Spectres of impunity or apertures for justice? The intersection and inequalities of the Rios Montt genocide trial and the Roberto Barreda femicide case in Guatemala
Lorena Fuentes (Birkbeck, University of London)
Paper short abstract:
This paper critically explores fluctuating articulations of impunity and (inequality of access to) justice that the paradigmatic cases of the Ríos Montt genocide trial and Roberto Barreda femicide trial brought to the fore in October 2013 through renewed contestations around impunity and injustice.
Paper long abstract:
On November 8, 2013, Guatemalan authorities captured Roberto Barreda in the state of Yucatan. Barreda had fled Guatemala with his two children after the disappearance (and presumed murder) of his wife, Cristina Siekavizza. The impact of Barreda's capture on the variable articulations of (in)justice within the national body politic of Guatemala—in mainstream newspapers, politicians' discourses, and civil society organisations—was extraordinary. Initial celebrations were swiftly reoriented by women's, indigenous and human rights organisations on the peripheries of Guatemala's power base. These latter articulations were grounded in questions of inequality of access to justice, the 'elite' nature of cases garnering media attention (understandably seen to fall along class and racial lines), and the near absolute impunity that surrounds 98% of femicide cases. Beyond the disparity of how the Siekavizza disappearance was treated compared to thousands of other femicide cases lay the insidious context in which the Montt trial (now awaiting consideration for amnesty) was left earlier in that very same week. This paper critically explores fluctuating articulations of (in)justice arising from these cases. Renewed contestations around historical impunity spill over into contemporary discourses of a violent post-war Guatemala. While impossible to discount the inadequacies of Guatemala's legal system, tracing the intersections of these emblematic cases provides opportunities to consider how potential 'failures' within this system— like Montt's annulled conviction, or the restricted focus on the disappearance of a light-skinned, middle-class woman— may provide openings for articulating past and ongoing injustices for both genocidal crimes and 'new' forms of femicidal violence.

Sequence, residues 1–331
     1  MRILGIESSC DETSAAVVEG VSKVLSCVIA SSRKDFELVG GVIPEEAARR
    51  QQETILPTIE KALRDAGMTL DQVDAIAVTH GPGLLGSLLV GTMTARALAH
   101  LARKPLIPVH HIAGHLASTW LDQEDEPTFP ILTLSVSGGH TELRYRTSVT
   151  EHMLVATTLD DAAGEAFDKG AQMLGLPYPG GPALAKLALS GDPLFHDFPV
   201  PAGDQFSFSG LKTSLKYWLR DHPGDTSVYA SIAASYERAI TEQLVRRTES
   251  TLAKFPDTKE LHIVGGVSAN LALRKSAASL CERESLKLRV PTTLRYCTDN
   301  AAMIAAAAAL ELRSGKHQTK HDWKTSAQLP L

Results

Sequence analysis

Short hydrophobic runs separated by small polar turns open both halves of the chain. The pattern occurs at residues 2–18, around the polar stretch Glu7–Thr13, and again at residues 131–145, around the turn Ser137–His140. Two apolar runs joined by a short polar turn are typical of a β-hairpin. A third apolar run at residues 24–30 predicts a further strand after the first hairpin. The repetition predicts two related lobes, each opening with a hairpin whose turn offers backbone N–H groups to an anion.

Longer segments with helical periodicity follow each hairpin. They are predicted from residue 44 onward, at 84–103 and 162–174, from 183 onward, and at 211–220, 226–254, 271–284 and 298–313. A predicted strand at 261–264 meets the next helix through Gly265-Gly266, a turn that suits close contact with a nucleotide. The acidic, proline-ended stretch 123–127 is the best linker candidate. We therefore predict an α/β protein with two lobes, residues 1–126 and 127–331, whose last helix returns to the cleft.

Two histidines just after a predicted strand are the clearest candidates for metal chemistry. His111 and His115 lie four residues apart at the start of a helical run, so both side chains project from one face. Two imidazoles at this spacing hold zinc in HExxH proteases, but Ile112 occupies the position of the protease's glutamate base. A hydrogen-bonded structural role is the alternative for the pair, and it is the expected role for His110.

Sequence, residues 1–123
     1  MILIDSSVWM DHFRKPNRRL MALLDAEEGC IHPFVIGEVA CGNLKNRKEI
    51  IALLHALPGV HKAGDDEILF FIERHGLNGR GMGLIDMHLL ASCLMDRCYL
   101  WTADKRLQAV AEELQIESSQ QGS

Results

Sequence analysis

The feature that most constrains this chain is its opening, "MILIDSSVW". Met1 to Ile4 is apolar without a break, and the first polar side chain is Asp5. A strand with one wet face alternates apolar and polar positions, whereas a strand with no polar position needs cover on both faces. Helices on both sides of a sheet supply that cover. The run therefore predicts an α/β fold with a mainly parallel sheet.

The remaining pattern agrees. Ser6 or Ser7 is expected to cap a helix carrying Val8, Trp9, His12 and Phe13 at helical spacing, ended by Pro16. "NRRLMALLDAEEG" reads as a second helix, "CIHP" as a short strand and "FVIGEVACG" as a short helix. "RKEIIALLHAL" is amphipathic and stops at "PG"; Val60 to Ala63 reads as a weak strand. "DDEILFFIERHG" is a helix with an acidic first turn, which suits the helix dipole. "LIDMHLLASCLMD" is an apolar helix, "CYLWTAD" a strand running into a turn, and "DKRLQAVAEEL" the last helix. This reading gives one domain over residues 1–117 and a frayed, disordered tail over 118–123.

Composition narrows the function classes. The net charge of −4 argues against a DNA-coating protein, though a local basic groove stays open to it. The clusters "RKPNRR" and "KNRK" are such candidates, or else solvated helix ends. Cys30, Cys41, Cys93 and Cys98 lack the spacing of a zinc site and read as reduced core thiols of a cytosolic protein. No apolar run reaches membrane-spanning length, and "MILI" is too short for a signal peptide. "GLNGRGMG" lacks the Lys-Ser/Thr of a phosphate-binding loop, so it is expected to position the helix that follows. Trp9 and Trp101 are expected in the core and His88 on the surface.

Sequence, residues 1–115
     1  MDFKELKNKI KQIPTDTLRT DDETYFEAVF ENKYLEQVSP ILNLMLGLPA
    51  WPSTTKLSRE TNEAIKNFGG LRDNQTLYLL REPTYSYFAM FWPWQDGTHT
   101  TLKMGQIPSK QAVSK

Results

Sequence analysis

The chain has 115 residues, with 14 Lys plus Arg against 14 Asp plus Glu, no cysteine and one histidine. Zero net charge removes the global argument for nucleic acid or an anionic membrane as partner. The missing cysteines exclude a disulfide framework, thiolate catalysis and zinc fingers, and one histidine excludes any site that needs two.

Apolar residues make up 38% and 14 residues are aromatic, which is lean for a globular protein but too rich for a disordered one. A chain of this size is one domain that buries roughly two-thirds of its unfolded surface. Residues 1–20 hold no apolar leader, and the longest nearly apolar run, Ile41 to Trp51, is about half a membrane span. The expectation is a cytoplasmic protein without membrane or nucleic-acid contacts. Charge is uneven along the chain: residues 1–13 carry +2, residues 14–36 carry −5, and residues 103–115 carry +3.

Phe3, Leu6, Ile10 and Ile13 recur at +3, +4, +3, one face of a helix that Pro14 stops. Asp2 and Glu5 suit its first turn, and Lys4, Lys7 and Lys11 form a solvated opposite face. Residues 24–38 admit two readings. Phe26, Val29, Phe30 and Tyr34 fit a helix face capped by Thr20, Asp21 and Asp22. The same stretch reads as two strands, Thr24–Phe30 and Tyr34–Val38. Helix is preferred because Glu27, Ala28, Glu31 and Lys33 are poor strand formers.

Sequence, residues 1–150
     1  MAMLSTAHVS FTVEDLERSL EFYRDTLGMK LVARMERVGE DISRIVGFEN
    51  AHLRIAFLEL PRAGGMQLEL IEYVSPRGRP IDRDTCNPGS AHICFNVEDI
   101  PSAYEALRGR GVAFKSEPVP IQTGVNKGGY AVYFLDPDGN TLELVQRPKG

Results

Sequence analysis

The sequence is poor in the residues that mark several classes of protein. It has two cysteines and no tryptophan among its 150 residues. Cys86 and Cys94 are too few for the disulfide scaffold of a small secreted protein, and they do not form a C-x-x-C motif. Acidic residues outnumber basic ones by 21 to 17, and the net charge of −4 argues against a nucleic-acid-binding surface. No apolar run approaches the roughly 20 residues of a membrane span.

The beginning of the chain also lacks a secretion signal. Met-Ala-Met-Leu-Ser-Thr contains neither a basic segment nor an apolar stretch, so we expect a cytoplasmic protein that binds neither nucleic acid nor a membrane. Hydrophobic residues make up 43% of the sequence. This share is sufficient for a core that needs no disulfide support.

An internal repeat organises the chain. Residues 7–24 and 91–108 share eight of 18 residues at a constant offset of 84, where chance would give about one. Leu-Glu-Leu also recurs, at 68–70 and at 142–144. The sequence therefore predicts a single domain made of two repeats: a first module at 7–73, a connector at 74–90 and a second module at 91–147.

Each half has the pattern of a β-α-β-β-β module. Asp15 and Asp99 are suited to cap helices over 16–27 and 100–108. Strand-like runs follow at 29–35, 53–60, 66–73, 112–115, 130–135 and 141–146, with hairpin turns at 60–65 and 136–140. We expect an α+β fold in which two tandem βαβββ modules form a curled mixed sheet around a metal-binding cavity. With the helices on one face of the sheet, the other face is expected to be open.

The Ríos Montt trial and other aporias of justice in Guatemala